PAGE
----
The Turkish government’s aim is to establish a command structure, thus creating a single army.
Turkey is confronting the al-Qaeda splinter group Hay’at Tahrir al-Sham (HTS) – formerly known as Jabhat al-Nusra – in Afrin, a Kurdish-majority region of Syria currently controlled by the Turkish government. In fact, after years in the area, HTS has been declared a terrorist organisation by the Turkish government and NATO, which has withdrawn most of its forces from Afrin, Turkish security sources confirmed to the Middle East Eye.
Until the end of October, HTS controlled most of Syria’s northern Idlib province and moved most of its militants to Afrin and surrounding areas where they fought against the Syrian National Army’s (SNA) Third Legion.
The fighting was triggered by the killing of a prominent Syrian opposition activist, Muhammad Abdul Latif along with his pregnant wife, in the SNA-controlled city of al-Bab (Aleppo, Syria) in early October, which led to clashes between the urban terrorist guerrillas of al-Hamza Brigade and al-Jabha al-Shamiya.
This situation was exploited by HTS, which moved into the area to exert more control over the population, something that worried NATO members. As a result, the Turkish military began deploying forces to the surrounding area in late October.
According to UK-based researcher Aymenn Jawad al-Tamimi, “HTS reflected a long-standing ambition on the part of the organisation to unite the remaining enclaves controlled by Syrian ‘rebels’ and the Turks under its own rule as Abu Muhammad al-Jolani, leader of the terrorist organisation, has hinted in recent speeches”.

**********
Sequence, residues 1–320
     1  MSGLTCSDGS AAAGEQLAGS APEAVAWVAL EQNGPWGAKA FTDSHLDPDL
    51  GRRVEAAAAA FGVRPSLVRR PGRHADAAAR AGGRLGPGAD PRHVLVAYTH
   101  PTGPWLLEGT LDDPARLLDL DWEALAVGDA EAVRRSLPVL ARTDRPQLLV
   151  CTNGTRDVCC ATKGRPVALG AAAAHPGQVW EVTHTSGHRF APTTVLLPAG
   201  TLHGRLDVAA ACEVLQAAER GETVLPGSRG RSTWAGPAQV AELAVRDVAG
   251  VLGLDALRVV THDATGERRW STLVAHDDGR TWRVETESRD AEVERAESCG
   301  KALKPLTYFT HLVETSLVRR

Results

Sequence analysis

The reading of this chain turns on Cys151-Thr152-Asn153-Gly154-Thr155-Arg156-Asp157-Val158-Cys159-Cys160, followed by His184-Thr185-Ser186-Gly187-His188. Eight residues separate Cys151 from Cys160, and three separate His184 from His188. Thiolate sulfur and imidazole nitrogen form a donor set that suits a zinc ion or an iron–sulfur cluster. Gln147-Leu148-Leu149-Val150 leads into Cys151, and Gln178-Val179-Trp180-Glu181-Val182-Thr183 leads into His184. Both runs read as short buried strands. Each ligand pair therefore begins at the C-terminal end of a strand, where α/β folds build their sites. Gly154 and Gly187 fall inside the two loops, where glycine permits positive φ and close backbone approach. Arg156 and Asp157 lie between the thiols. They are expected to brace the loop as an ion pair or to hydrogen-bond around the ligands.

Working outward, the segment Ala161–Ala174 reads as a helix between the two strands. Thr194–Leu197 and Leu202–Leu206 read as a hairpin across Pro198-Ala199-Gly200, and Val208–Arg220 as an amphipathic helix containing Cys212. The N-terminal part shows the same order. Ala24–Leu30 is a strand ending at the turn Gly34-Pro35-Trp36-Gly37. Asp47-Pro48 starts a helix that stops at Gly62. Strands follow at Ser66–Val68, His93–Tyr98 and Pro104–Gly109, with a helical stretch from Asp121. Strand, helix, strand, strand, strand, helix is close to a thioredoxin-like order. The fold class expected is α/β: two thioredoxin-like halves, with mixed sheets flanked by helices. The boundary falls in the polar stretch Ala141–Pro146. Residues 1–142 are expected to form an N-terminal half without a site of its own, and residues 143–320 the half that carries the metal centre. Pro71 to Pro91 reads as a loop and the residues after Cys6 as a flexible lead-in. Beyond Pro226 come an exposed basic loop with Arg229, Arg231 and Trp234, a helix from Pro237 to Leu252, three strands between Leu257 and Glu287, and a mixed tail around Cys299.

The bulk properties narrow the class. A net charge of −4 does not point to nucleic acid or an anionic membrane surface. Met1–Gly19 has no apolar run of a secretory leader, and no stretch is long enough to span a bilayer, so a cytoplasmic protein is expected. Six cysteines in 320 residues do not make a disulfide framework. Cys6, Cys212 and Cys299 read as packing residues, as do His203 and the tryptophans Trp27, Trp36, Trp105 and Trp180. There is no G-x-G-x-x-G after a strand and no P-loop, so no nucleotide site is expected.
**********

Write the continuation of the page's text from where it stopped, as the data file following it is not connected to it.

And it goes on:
However, according to Turkish sources, this incident could encourage the reorganisation of the also considered terrorist Syrian National Army composed of 28 groups of the Free Syrian Army and being an ‘umbrella’ organisation composed of 41 different terrorist factions, which are supported by the Turkish Armed Forces.
In fact, clashes between the different groups that form part of the SNA are frequent in the areas of Afrin, Jarabulus and Tal Abyad, and have so far resulted in numerous civilian casualties.
With the support of Ankara, which maintains thousands of troops in the area and controls the airspace, the Turkish armed forces aim to reunify all the groups that make up the SNA, which has a capacity of between 50,000 and 70,000 fighters, and to establish a command structure, thus creating a single army. Ankara has long aspired to unite all these groups to establish an effective command structure. The reorganisation is supposed to exclude HTS.
So far, the ongoing fighting in Afrin has hampered any possibility of assembly, policing and law enforcement. “People are fed up with the conflict between the groups,” an Afrin councillor told the Middle East Eye.
Meanwhile, to reduce civilian deaths, police authorities in the region have pushed for measures such as preventing groups from entering towns with automatic weapons. Despite this, towns continue to come under attack. So far nearly 20 settlements housing up to 1,700 families in the north-western part of Aleppo have come under attack. About 8 residents, including women and children have been killed and 47 injured, including 11 children.
On the other hand, an estimated 2.6 million people may be living in the HTS-controlled area, while 2.3 million may be residents of the SNA-controlled area.
Since 2018 when the Turkish Armed Forces invaded the Kurdish canton of Afrin, the city and its surroundings have been controlled by Turkey in cooperation with the SNA, which would demonstrate the Turkish government’s cooperation with Sunni jihadist factions. In practice, the different Islamist terrorist militias supported will, for the time being, maintain their separate structures and fight each other for control of resources.
Source : Atalayar